Do you feel like multiple pathways for success were open to you on your journey through higher education? Were you fortunate enough to find an opportunity to explore your interest right away or did you have to dig around for a while? Unfortunately, there remains a wide gap between what students and postdocs are looking for and the programs that colleges and universities provide. Seeking to bridge that gap and create a more helpful approach is Dr. Allison Rosenberg.
Dr. Rosenberg is a behavioral scientist and startup entrepreneur with a record of success in both the public and private sectors, focusing on higher education and education technology. She has advanced training in cognitive science, psychology, and entrepreneurship.
Allison received her undergraduate degree from the University of California - Berkeley, and a Ph.D. in developmental psychology from Harvard University. She has served as a senior executive at several top universities – including the University of California System; the University of North Carolina Chapel Hill; and Iowa State University.
What You’ll Hear On This Episode of When Science Speaks
- [1:00] Mark introduces his guest, Dr. Allison Rosenberg.
- [3:20] Understanding diverse audiences.
- [5:40] The value of creative thinking.
- [7:40] If your message isn’t getting across, it’s not your audience’s fault.
- [9:50] Allison’s decision to live in Paris after finishing undergraduate school.
- [13:30] What is posed2?
- [22:45] A simple way to understand what posed2 is all about.
- [24:20] Trends in higher education.
- [29:50] How to break into the entrepreneurship scene.
- [33:40] Allison addresses gender bias she has seen in the startup industry.
- [38:20] Closing thoughts.
Connect with Allison Rosenberg
Resources & People Mentioned
How posed2 is creating new pathways for success Do you ever find yourself wondering how Facebook or Amazon knows just the right ad or product to put in front of you? Be honest - it can feel a little creepy, right? Are they listening in on your conversations, making a really good data-driven guess, or some combination of the two? While it can feel like those tech companies are invading your privacy - the truth is - their suggestions are often helpful. What if someone could turn that innovative approach of marketing product toward creating pathways for success in higher education?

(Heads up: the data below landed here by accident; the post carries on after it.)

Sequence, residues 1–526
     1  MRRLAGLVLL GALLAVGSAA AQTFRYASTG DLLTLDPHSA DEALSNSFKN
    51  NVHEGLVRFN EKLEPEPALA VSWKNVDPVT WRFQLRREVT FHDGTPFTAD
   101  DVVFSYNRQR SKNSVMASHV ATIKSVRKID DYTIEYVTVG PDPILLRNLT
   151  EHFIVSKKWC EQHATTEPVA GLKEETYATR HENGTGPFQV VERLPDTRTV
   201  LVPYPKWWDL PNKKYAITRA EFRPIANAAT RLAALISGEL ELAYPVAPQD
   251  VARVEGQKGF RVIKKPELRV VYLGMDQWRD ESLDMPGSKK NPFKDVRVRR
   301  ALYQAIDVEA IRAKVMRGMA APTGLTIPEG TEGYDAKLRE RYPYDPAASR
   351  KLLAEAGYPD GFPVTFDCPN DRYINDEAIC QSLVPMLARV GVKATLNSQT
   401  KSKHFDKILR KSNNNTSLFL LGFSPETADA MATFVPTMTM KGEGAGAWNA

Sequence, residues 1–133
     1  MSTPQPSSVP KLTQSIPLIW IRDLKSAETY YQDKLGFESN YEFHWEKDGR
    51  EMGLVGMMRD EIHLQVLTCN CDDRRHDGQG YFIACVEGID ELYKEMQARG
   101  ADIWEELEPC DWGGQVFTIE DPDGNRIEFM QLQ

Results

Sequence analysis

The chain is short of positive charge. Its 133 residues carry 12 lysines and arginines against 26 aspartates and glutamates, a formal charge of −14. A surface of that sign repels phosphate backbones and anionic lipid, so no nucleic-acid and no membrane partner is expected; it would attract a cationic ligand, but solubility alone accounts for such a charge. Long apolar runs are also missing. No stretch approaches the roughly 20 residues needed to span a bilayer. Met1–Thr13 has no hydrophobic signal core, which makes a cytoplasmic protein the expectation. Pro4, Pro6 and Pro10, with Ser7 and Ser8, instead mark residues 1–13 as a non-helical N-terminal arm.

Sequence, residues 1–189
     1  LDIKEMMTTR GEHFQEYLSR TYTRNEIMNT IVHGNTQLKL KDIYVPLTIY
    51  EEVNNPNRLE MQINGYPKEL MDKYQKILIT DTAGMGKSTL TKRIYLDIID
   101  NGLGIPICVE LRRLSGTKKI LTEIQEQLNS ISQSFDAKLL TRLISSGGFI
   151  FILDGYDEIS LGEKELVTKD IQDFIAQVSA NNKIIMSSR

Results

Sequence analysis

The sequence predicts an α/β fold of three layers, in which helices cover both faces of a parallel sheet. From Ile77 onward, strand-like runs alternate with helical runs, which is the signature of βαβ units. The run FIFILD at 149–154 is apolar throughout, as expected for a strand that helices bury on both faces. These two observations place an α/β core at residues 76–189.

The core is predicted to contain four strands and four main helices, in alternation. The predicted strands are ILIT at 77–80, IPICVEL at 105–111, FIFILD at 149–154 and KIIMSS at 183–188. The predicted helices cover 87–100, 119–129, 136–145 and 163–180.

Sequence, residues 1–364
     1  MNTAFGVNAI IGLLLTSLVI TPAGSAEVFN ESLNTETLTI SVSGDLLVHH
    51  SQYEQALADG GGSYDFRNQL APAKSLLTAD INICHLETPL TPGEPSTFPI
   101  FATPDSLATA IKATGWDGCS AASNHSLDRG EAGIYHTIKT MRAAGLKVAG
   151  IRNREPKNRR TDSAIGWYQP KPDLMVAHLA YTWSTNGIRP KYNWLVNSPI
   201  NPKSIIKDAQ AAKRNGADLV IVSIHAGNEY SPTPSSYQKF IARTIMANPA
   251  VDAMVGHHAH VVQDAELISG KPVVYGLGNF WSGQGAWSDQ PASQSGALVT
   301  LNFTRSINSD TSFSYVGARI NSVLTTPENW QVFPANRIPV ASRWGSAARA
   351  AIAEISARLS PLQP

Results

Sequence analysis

Allison Rosenberg set out to create an organization and a tool to cut through the complexity that is often associated with finding the right fit in higher education. Drawing on her entrepreneurial drive and her passion for creating programs and systems that help people find solutions and opportunities - Allison founded, posed2. Posed2 is a purpose-driven, college-to-career guidance program that uses games and AI - it identifies a user’s best fit from how they play, not what they say. You can learn more about posed2 by visiting their website located in the resources section.
Forging your own path It’s wonderful to have a champion like Allison leading the way and creating new pathways for success - but what about forging your own path? If you don’t see a way forward with your skill set and unique abilities - then make one. No one handed Allison a script and told her how to start her entrepreneurial journey - she had to make it up along the way. Leaders like you can blaze their own trail.
As someone who has gone down that entrepreneurial path - Allison has some helpful tips on what it takes to break into the entrepreneurship scene. If you want to test the entrepreneurial waters - Allison suggests these three places to start.
- Spend time reading about entrepreneurship. Read blogs, books, and magazines dedicated to entrepreneurship and startups.
- Sign up for classes at your university or college about entrepreneurship.
- Get in the room with young business leaders and thought leaders.
Don’t expect that the path forward to find your right fit will be easy - it rarely is. Learn from those who have gone before and who are in the trenches right now. Make sure to tune into this episode of When Science Speaks to catch Allison’s full conversation with Mark - you don’t want to miss it.
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